Pour into the pie shell. Truth be told, I did alter the recipe slightly to add more pecans for decoration. I reduced the nuts within the mixture to 3/4 cup, and used almost that much to make the decorative top.  Feel free to stick with the original plan, though, as the pie will turn out equally gorgeous.

Classic Kahlua Pecan Pie

Bake for 10 minutes at 400F, then reduce the oven to 325F, and bake for an additional 40 minutes. Chill before serving.

Classic Kahlua Pecan Pie

This is where I’d normally serve up a nice fat slice with a dollop of brandied whipped cream to feast your eyes upon; however, this pie was our Thanksgiving dessert, so I didn’t cut into it until much later.

Here’s the recipe card for your files:

5.0 from 1 reviews

Classic Kahlua Pecan Pie
 
Prep time
Cook time
Total time
 
The classic Kahlua Pecan Pie takes this traditional dessert to the next level.
Author:
Recipe type: Dessert
Cuisine: American
Serves: 8-10
Ingredients
  • Pastry crust
  • ¼ cup butter
  • ¾ cup granulated sugar
  • 1 tsp vanilla
  • 2 tbsp flour
  • 3 eggs
  • ½ cup Kahlua
  • ½ cup dark corn syrup
  • ¾ cup evaporated milk
  • 1 cup whole or chopped pecans
  • Optional: Whipped cream and pecan halves.
Instructions
  1. Line 9 in. pie pan with your favorite pastry recipe; chill.
  2. Preheat oven to 400F.
  3. Cream together: butter, sugar, vanilla, flour. Mix well.
  4. Beat in eggs, one at a time.
  5. Stir in Kahlua, corn syrup, evaporated milk, pecans
  6. Mix well, pour into pie pan.
  7. Bake for 10 min.
  8. Then reduce heat to 325F and bake until firm (about 40 min).
  9. Chill. Garnish if desired. Serves 8-10.

 

Note: I earn a modest commission from Amazon for any purchases made through the links contained in this post.

{ 8 comments… read them below or add one }

Dara November 27, 2012 at 8:14 am

Kahlua? In a pie? Sign me up this looks fabulous.
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Anne Papina November 27, 2012 at 9:29 am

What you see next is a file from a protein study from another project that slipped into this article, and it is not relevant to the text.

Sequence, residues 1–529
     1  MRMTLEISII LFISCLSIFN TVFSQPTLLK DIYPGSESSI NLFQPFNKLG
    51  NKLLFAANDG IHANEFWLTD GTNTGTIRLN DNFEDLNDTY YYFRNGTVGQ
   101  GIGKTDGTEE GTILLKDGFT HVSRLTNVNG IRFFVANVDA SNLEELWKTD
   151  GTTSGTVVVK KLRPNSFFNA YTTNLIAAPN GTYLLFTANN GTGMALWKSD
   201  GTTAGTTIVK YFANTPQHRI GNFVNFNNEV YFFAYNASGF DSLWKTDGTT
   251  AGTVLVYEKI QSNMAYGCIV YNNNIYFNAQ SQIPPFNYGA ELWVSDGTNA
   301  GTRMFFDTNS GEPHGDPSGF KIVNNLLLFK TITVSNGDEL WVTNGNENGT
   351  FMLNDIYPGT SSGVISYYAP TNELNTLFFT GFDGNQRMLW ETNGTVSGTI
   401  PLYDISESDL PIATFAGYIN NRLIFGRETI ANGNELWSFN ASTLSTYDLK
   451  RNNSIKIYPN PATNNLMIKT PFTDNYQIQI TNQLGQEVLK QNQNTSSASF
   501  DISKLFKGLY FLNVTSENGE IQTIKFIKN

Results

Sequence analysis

Thanks for stopping by! Pecan pie definitely one of my favorite desserts, and this boozy version is always a hit!

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Soni November 27, 2012 at 9:41 am

Ooh Kahlua sounds great in a Pie!!Love how you reconstructed the crust and arranged the pecans!!Looks gorgeous :)

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Anne Papina November 27, 2012 at 10:01 am

Thanks! You have NO idea how annoyed I was when that crust crumbled!

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Chelle November 28, 2012 at 3:39 am

Bellissimo!!
Chelle recently posted..Thanksgiving in ItalyMy Profile

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Maureen Baum December 19, 2013 at 8:14 am

Hi,
I purchased my Kahlua Recipe Book back in 1987. I lost this pamphlet cook book last year and I need the recipe for the Kahlua Mousse. I’ve made this mousse for many years and no other recipe comes close. Can you please send me the page from the booklet that has this recipe? Thank you so much. Maureen :)

Reply

Anne Papina December 19, 2013 at 8:28 am

No problem! I’m not home right now, but I can email it to you tomorrow evening!

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Brenda April 3, 2014 at 7:27 pm

I use almond milk instead of evaporated, and Amaretto instead of corn syrup.
tiny pieces–it’s like eating a shooter!